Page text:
The Audiophile - By Mike Mettler
 
Home > Music > John Rzeznik of Goo Goo Dolls tells us why iTunes…

John Rzeznik of Goo Goo Dolls tells us why iTunes is “Irrelevant”

“I wanted to become less afraid of electronic instruments so I could use them in a more complex songwriting style.”

Restlessness is a virtue for recording artists who are willing to expand their sonic horizons instead of relying on what comes naturally to them. Case in point: John Rzeznik of Goo Goo Dolls, a guy who could easily coast his way up the charts by merely tapping into the inherent knack he has for penning the kinds of hooks and melodies that made megahits out of songs like Iris, Name, Slide, Black Balloon, and scores more.

Rather than repeating himself, Rzeznik (the first z is silent, BTW) was quite insistent on pushing the production boundaries for the Goo Goo Dolls’ 11th studio album, Boxes, out today via various formats from Warner Bros.

The Audiophile Goo Goo Dolls

“I got together with some really interesting folks and decided to not leave anything off the table,” Rzeznik told Digital Trends. “I really tried to push it out productionwise, songwise, and writingwise.”

Limit-pushing and electronic-vein-tapping are evident throughout Boxes, from the underwater vocal break punctuating a pivotal moment on The Pin to the pleading twists and turns of Reverse to the raw beats and breathy vocals collectively fueling So Alive. (One thing Rzeznik does remain in close touch with is coming up with short, succinct song titles. “Hey, you gotta call them something, and I don’t draw it out,” he laughed.)

And while the Goos tested some production boundaries on their noble 2013 effort Magnetic, Rzeznik felt it only scratched the surface. “The new album sort of became an extension of Magnetic, but Boxes is more tightly focused,” he conceded. “The material is stronger.”

On the eve of the album’s release, Rzeznik called DT to discuss incorporating EDM into Boxes, the pros and cons of streaming, and accepting in-studio reality checks. He knows when not to let it slide.

Digital Trends: There are some different textures on Boxes, some even more than what people might expect. Did that all come from your directive?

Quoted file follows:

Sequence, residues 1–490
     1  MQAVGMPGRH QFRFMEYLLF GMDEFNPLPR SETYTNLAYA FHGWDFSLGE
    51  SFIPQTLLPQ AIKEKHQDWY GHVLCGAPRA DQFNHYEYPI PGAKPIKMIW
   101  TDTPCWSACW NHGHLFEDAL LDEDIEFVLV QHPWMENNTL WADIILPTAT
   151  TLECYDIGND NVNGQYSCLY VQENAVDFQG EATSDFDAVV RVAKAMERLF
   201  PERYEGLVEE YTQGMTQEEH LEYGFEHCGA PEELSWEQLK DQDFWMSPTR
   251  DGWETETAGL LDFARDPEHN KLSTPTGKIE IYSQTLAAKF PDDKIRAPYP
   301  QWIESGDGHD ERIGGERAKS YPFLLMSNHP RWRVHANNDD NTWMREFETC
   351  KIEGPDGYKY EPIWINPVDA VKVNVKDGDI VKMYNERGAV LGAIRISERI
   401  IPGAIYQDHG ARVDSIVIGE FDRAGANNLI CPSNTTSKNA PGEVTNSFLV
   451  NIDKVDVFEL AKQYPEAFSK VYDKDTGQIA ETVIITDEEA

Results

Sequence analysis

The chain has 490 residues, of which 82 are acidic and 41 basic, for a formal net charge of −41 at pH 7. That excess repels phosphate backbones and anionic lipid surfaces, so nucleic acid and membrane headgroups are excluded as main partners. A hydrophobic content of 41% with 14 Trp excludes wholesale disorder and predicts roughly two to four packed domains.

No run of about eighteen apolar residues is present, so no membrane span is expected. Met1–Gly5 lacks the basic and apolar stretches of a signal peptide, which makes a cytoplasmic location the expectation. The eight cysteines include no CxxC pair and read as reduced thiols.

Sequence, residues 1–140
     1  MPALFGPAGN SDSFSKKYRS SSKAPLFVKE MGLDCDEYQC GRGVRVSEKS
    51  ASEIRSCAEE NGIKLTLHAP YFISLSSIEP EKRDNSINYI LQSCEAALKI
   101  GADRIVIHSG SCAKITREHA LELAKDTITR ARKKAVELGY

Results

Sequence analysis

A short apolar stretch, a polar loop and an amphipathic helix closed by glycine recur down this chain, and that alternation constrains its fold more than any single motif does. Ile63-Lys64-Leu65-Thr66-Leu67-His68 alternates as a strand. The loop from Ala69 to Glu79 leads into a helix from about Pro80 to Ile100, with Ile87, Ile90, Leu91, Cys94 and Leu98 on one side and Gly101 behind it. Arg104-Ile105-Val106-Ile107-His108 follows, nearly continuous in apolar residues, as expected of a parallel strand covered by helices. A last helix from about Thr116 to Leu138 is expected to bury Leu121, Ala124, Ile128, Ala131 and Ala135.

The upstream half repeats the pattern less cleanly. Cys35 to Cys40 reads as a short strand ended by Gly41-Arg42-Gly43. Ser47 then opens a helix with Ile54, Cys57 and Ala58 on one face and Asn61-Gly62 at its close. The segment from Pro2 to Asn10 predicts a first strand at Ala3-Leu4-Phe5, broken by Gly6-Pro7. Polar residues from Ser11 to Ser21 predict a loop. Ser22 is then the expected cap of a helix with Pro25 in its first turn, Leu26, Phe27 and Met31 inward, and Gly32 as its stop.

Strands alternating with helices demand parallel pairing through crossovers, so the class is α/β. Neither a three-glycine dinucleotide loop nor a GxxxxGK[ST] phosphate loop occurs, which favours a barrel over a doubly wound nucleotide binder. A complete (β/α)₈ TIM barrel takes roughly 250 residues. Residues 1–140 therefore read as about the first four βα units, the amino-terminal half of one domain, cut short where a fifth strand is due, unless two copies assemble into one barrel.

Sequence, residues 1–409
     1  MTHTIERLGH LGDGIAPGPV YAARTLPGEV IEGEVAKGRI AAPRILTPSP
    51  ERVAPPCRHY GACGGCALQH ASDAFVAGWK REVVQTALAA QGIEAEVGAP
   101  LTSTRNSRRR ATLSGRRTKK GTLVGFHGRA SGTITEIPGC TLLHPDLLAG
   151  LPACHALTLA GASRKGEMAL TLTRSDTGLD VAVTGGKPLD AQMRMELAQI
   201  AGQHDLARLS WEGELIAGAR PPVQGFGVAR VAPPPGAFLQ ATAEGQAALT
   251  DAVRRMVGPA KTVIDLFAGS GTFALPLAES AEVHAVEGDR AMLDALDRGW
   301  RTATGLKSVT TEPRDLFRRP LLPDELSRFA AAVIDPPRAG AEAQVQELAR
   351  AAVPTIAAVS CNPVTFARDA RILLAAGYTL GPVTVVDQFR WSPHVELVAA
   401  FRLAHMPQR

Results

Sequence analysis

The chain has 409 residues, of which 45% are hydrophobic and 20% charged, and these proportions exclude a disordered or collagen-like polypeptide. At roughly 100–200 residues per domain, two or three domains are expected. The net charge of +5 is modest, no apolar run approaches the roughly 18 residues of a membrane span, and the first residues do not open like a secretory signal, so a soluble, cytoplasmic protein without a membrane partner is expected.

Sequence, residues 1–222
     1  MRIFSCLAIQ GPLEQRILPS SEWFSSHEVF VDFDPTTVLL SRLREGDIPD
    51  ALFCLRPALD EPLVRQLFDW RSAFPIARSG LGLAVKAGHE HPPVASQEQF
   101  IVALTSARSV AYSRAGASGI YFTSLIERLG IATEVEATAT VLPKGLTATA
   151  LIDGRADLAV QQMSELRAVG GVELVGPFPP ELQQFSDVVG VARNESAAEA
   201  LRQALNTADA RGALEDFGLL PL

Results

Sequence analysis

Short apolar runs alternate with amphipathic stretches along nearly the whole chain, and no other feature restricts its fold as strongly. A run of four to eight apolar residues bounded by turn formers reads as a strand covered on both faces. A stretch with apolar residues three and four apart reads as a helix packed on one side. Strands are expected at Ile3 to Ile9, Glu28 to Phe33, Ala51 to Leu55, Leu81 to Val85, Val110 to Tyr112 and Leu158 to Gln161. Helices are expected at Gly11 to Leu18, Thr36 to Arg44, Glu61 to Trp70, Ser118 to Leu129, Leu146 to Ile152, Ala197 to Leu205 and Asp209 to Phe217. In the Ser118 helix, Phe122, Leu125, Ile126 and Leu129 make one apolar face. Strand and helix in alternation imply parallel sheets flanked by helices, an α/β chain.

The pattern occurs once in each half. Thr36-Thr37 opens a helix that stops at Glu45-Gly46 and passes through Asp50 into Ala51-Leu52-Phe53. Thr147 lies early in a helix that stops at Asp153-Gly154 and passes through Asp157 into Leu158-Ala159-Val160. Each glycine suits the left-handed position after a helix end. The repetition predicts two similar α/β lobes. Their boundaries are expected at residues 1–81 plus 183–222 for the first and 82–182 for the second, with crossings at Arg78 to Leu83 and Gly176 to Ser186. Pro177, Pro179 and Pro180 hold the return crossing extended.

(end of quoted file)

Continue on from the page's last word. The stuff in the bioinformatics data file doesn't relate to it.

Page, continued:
John Rzeznik: I wanted things to change a little bit. I’ve been listening to a lot of really interesting music lately, and it’s interesting to work with people who are younger than you. For example, I collaborated with two young brothers who are in an EDM group called Cash Cash [Jean Paul Makhlouf and Alex Makhlouf].

Related: 5 outrageous headphones that will blow your mind, and your savings

I was really blown away by them, because I wanted to understand how that music worked. I’d ask them, “How does this work? How do you make music like this?” They were great, and I got invited into their little circle. We did a song together, and it was fun. It was really a lot of fun.

Which song did you guys do together?

Oh, this was a couple of years ago. It’s not even on the album. I wanted to see how it’s done, because it’s so ubiquitous.

Did working with Cash Cash affect how you now approach your own songwriting?

No, it was more about becoming less afraid of electronic instruments, and then using them with guitars and a more complex songwriting style. That was the idea, but I don’t know if it worked. (chuckles)

Digital has a brittle edge to it, and vinyl doesn’t.

I mean, I’m always going to have my stamp on whatever it is I do — there’s just no way around it. I am who I am. Whatever I’m thinking in my mind about what I’m writing is going to get filtered through my brain and my hands, and then it’s going to come out on the track, in its own way. It has its own identity.

To be able to work with other people who think completely differently than me was just really fun. There were times when I’d go, “Whoa! I would have never even thought of that!” (chuckles) It was like getting these fun surprises along the way.